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Chronic Autoimmune Thyroiditis in Children and Adolescents: Presentation and Long-term Follow-up
  1. Liat de Vries (liatd{at}clalit.org.il)
  1. Schneider Children's Medical Center of Israel
    1. Shmuel Bulvik
    1. Schneider Children's Medical Center of Israel, Institute for Endocrinology and Diabetes
      1. Moshe Phillip (mosheph{at}post.tau.ac.il)
      1. Schneider Children's Medical Center of Israel

        Abstract

        Objective: To investigate the clinical manifestations of autoimmune thyroiditis (AIT) leading to referral in children and adolescents, in addition to disease course and long-term outcome.

        Design: Chart review.

        Setting: Major tertiary hospital.

        Patients: 114 children/adolescents (92 female, 22 male; mean age 11.8+35 years) with AIT referred for evaluation/treatment.

        Main outcome measures: Clinical characteristics at presentation, reasons for referral, treatment, and long-term (mean 6 years) outcome; by thyroid and pubertal status.

        Results: The male-to-female (1:4.2) ratio was lower than in adult AIT (1:10) and varied by age. Patients with noticeable goiter at presentation (39.5%) accounted for half the total number in whom goiter was eventually diagnosed. Other reasons for referral were clinical symptoms of hypothyroidism (28.4%) and findings on work-up for an unrelated problem (20%) or for high-risk groups (11.9%). There was no difference in management or outcome between patients who underwent ultrasound (n=79) or not. Treatment was initiated shortly after diagnosis in all 42 hypothyroid patients and 44/48 compensated hypothyroid patients, and within 16 months in 19/24 euthyroid patients. There was no change in thyroid status in the 9 untreated patients. Height–SDS was normal at referral and last visit and correlated with parental height-SDS. Puberty was normal. There was no significant difference in BMI-SDS at referral by pubertal or thyroid status. There was no difference from the general population in the prevalence of obesity.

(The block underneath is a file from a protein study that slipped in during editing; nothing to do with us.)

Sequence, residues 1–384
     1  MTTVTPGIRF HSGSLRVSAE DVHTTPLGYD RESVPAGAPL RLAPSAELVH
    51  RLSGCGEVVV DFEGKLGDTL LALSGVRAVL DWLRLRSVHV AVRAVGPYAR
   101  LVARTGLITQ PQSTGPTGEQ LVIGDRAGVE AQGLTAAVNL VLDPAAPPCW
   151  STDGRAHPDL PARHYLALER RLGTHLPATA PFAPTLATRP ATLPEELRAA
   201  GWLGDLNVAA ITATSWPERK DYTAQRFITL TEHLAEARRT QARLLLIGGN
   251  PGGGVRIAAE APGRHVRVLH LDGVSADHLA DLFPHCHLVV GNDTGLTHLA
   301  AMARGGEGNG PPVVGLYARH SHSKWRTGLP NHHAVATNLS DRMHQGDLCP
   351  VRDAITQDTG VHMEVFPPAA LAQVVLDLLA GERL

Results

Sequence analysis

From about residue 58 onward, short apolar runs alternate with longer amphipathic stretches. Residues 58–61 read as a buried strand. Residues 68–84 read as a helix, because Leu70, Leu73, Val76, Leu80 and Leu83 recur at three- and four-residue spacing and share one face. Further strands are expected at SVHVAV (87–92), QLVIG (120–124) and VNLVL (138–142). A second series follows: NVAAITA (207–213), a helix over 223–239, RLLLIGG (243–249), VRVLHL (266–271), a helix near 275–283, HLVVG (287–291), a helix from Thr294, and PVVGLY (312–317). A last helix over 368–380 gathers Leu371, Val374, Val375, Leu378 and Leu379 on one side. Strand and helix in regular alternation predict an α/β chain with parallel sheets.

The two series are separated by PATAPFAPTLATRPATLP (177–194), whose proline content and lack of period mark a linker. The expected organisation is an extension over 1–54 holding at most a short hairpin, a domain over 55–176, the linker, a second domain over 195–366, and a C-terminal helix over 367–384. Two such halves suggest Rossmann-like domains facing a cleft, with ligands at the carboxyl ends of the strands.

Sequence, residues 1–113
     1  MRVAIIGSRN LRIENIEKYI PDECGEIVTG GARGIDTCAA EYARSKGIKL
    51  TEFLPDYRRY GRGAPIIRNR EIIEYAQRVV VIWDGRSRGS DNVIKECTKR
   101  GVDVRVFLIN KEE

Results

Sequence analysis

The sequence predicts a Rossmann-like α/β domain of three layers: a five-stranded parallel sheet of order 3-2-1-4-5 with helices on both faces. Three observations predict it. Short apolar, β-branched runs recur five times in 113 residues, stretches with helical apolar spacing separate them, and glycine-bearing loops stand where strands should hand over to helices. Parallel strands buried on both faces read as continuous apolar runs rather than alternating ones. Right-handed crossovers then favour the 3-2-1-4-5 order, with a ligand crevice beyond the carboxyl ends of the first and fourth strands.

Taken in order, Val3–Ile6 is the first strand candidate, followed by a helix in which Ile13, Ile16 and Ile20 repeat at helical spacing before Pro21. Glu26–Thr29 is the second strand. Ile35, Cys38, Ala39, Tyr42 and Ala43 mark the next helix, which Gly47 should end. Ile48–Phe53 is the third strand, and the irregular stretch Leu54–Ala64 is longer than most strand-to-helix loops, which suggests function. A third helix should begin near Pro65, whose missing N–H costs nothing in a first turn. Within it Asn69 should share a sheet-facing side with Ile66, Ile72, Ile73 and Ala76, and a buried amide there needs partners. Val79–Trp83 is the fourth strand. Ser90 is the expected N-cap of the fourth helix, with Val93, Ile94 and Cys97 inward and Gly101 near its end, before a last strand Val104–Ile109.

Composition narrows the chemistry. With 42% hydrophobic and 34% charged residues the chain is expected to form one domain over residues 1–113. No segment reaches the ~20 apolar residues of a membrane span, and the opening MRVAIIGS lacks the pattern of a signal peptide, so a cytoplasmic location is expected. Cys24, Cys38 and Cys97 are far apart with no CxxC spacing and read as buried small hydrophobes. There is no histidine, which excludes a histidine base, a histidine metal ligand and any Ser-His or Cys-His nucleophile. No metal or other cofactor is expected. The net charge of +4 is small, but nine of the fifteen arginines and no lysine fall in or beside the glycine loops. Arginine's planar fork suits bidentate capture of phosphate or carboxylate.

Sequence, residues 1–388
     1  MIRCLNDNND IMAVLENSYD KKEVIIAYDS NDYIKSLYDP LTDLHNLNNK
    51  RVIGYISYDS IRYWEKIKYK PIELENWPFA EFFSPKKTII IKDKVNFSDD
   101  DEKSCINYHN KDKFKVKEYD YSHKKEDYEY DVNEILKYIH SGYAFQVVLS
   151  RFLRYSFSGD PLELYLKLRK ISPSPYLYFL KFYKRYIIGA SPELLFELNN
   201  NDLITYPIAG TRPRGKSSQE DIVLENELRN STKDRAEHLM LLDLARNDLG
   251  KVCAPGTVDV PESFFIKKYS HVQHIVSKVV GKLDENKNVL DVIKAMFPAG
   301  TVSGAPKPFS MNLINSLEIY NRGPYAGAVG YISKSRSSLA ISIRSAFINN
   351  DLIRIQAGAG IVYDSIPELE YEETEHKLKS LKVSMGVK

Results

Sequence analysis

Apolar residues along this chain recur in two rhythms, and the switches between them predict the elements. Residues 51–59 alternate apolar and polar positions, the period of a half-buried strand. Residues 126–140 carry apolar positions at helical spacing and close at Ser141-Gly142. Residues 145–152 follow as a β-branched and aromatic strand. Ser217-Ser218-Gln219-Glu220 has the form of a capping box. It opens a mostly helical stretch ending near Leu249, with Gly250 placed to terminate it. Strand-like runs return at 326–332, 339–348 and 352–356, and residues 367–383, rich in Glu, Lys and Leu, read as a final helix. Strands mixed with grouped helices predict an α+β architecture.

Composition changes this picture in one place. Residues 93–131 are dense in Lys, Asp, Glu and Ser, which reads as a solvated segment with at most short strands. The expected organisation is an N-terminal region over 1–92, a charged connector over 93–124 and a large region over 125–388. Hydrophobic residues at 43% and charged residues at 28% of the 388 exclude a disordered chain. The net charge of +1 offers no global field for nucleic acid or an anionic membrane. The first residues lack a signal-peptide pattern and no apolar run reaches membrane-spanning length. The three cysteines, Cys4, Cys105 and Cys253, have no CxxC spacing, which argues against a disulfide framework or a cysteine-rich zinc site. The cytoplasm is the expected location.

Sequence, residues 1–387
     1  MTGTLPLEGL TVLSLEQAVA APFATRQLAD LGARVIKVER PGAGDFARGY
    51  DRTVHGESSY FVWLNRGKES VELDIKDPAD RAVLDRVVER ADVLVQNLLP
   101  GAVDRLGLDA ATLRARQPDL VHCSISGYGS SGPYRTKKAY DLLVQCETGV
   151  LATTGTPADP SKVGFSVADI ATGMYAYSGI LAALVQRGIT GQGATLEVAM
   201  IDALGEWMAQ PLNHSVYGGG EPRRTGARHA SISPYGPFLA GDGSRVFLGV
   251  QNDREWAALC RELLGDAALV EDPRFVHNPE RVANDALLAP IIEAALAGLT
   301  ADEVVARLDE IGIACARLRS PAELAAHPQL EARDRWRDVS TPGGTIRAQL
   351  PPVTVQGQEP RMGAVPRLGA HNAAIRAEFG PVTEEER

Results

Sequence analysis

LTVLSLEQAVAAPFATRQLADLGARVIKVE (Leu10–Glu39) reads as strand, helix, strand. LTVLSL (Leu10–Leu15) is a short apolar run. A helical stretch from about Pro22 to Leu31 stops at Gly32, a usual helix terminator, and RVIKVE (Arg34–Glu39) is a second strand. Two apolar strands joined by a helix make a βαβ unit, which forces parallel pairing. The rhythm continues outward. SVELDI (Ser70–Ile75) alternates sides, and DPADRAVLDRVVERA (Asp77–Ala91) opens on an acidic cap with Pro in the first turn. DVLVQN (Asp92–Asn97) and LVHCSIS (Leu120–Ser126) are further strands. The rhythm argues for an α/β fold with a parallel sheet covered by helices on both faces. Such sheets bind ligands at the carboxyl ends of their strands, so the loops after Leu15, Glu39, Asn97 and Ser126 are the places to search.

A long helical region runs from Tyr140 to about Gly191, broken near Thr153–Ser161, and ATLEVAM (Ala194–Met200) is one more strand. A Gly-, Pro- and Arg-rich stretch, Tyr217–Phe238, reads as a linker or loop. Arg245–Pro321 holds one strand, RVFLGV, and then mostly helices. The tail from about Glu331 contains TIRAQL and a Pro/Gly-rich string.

Conclusions: Although goiter is the main symptom leading to diagnosis of AIT, it is still often overlooked, underscoring the need for thorough thyroid evaluation on routine physical examination. Acquired hypothyroidism is not frequently associated with obesity, and ultrasound usually has no added diagnostic value. Adequate treatment in this age group leads to normal growth, puberty, and final height.

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